Pandora has announced a private placement of $300-million worth of convertible notes — essentially, the company is raising cash. The method is similar to offering more stock shares to the market, and in fact the notes could be converted to stock shares when they are due in 2020.
No matter the conversion method in five years, Pandora is trying to borrow $300-million now.
An ancillary offer of $45-million to financial house Morgan Stanley, which is managing the entire offering, raises the potential stake to $345-million.
Perhaps unsurprisingly, Pandora stock is tumbling on the news; we’ve watched it roll downward fairly steadily today — at this posting the share price has plunged nine percent.
Pandora recently announced its intent to acquire assets from going-under music service Rdio, in a bankruptcy process, for $75-million. In a conference call after that announcement, Pandora CEO Brian McAndrews noted that the purchase was affordable, and that the company had $180-million cash.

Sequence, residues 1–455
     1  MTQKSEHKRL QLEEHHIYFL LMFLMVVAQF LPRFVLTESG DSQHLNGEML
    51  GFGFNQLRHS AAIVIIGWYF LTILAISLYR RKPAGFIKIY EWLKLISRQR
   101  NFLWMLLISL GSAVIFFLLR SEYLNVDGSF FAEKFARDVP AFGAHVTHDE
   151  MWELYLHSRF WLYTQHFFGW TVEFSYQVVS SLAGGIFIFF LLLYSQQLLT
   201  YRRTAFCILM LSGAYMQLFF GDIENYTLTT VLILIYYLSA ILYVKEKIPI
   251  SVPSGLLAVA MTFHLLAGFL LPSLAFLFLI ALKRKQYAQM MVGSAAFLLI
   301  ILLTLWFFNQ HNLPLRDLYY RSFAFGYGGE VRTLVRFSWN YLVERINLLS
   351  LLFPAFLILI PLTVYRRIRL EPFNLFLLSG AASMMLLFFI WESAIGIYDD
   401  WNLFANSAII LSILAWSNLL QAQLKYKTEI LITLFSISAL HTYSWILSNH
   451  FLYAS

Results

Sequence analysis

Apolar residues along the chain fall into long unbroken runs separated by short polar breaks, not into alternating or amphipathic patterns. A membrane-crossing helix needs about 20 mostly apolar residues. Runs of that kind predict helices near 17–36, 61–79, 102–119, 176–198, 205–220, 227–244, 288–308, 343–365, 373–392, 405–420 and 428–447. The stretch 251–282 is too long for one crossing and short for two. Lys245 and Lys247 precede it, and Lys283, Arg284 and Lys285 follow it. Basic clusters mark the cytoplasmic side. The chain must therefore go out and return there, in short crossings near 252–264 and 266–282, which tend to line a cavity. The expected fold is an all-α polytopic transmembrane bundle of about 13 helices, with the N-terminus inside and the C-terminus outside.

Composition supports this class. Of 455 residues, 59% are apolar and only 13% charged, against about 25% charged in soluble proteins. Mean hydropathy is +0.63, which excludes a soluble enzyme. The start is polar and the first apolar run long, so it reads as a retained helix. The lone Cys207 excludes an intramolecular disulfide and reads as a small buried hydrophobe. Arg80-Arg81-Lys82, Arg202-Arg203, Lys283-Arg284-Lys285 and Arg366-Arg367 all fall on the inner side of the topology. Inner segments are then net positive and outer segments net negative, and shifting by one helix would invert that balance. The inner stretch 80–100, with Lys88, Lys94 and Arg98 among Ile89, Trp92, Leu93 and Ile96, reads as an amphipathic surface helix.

Unlike many venture capital fundraising announcements, there is no mention of how the expanded war chest will be used. All we know for certain is that Pandora is planning a hugely expansive 2016 in which it redefines its business, enters new international markets, and develops a major new on-demand product to sit alongside its market-leading Internet radio service. It is arguably the largest bet being placed in the online audio field today, putting the two brands which most people identify with streaming music — Pandora and Spotify — nose to nose.
So while Wall Streets’ reaction could be predicted, it’s also no surprise that a titanic business plan needs cash.